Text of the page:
So is this another Warner Bros bungle? Perhaps, but perhaps not. Maybe they’re fudging the casting notice to that people don’t get hooked on the past failure of the previous Wonder Woman pilot, or maybe they’re saving the Diana Prince Wonder Woman for the big screen while having a Wonder Woman named Iris for TV. Either way, if Arrow is any indication there maybe reason to hope that this time TV might get Wonder Woman right.
What do you Bastards think? Do you have high hopes for the new Wonder Woman? Any hopes for that matter.
Source: Deadline (via Coming Soon)
UPDATE! Geoff Johns has since tweeted, clearing up any concern or worry about Wonder Woman being a woman named Iris,
If a WW show happens her name is of course DIANA. Codenames (like IRIS) are used in casting a lot to try and avoid speculation. #TV101
- Geoff Johns (@geoffjohns) November 30, 2012
Whew! Thank, Hera!
Source: DC Women Kicking Ass
Wednesday afternoon Warner Bros. scored a major victory in the long running legal battle over the ownership of the Man of Steel. U.S. District Judge Otis Wright shot down the heirs of Superman co-creator Joe Shuster in their attempt to reclaim 50% of the rights to the Last Son of Krypton. The reasoning behind this that back in 1992 Shuster’s sister, Jean Peavy, struck a deal with DC Comics in 1992 covering her late brother’s debts (plus paying her $25,000 a year for the rest of her life). A deal that then DC VP Paul Levitz warned would ‘fully resolve any past, present or future claims against DC’ by the Shuster estate. Case closed.
Had the ruling gone the other way, WB and its DC Comics subsidiary would have lost the right to use key elements to the of the characters mythos, severely hampering any future projects. As it stands there is still the other creators estate to contend with, Jerry Siegel‘s heirs can still terminate half of Warner’s Superman copyright in 2013. This will be appealed on the 5th of Novemeber by the studio.
So what does this mean? WB/DC now firmly hold half of Superman and under copyright law can use the character however they see fit (just so long as they keep paying Siegel’s estate half of the profits.)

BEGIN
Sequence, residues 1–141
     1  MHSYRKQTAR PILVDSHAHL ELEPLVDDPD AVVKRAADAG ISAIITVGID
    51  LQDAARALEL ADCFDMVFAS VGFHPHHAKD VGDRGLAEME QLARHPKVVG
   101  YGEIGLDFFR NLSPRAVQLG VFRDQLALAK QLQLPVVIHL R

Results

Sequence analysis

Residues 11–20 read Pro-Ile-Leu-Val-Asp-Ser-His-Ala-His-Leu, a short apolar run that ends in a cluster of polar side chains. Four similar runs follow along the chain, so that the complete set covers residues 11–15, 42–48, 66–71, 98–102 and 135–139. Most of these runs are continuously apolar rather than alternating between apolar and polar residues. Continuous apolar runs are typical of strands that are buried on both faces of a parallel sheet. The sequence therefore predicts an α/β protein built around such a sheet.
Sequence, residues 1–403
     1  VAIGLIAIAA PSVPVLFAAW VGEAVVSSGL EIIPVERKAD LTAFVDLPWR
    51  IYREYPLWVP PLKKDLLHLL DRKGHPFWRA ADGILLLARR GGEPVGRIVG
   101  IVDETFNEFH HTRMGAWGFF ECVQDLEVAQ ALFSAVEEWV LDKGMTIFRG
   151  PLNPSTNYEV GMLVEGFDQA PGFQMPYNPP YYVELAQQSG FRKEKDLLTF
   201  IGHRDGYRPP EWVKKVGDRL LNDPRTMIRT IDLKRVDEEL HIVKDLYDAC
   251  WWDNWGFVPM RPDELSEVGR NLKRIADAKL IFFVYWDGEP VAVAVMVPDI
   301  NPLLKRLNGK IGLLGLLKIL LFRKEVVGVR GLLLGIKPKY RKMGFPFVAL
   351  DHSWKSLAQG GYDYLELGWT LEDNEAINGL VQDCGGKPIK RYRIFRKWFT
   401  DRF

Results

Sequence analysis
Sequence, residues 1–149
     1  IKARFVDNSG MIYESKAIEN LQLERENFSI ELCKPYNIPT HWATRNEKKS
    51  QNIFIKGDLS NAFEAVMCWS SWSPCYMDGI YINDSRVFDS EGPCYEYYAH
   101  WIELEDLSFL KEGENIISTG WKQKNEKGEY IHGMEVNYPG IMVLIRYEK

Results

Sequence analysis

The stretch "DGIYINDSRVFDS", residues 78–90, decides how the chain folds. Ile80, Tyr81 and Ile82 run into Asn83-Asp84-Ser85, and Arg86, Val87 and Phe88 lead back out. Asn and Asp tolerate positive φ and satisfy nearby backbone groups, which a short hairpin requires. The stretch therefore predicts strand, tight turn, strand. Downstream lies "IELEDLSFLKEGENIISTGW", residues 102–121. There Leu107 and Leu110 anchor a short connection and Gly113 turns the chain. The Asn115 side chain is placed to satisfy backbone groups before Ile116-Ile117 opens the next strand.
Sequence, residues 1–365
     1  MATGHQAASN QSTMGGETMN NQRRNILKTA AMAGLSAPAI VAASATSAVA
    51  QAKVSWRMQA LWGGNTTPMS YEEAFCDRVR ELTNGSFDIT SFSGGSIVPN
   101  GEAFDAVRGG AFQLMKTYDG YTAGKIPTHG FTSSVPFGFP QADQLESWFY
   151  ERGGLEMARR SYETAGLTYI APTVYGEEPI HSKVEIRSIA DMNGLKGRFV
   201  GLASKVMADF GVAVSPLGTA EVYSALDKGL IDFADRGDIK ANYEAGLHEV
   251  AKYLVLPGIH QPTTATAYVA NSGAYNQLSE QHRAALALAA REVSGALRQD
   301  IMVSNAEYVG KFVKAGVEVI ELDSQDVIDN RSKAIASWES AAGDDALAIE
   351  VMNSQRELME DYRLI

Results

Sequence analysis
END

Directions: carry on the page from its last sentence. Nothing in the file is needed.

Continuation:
Wow, comic book law is exciting stuff, huh?
Without dropping into the abyss of the creator rights debate once more, let’s focus on the good things here. This now means the studio is free(er) to move ahead with little risk on projects like next summers Man of Steel and more importantly the long stalled Justice League movie.
Yes, that’s right. Justice League. Just one day after the ruling The LA Times is reporting that filming will begin next year and the DC Comics super team will hit the big screen in the summer of 2015. Apparently they have a script, written by Will Beall, ready to roll and are just looking to attach a director and cast the lead roles.
One word of caution, the source that the LA Times cites is described as ‘a knowledgeable person not authorized to discuss the matter publicly‘ – so if you had ‘Summer 2015′ in your Justice League release date office betting pool hold off on collecting your money till we get the official word.
You guys have a Justice League release date office betting pool too, right?
Source: LA Times, 1, title image via daniel-morpheus.deviantart.com
And luckily David E. Kelley has nothing to do with it this time. A little less than a year after NBC buried Kelly’s terrible Wonder Woman pilot comes word from Vulture that CW is looking to add the Amazonian princess to its roster of superhero based TV shows. Reportedly being developed by Allan Heinberg (Grey’s Anatomy, The O.C. with some comic book cred as creator of Marvel Comics Young Avengers) under the working title of Amazon, it apparently will be more ‘Wonder Woman Begins’ than any of the previous small screen outings for the character.
“It will focus on Wonder Woman as a young, budding superhero, rather than a fully formed defender of liberty. (Think Smallville, but instead of a ‘no tights, no flights’ rule, this show might have a ‘”no bracelets, no crown’ mandate.)”
I guess that is an ok plan. Actually, scratch that, it is a terrible plan. While Smallville had its fans, it always seemed stupid to me that they dragged the cape hate to long, not to mention all that ‘The Blur’ silliness. Why can’t they just have a superhero suit up like they are suppose to, He’s GREEN Arrow, damn it. GREEN!
…but I digress.
As Vulture points out, the CW is just developing a script. No pilot has been ordered and its far to early to speculate that one even would be. The question is though, how does this affect Warner Bros. plans to bring WW to the big screen or the characters involvement in the apparently still happening Justice League movie?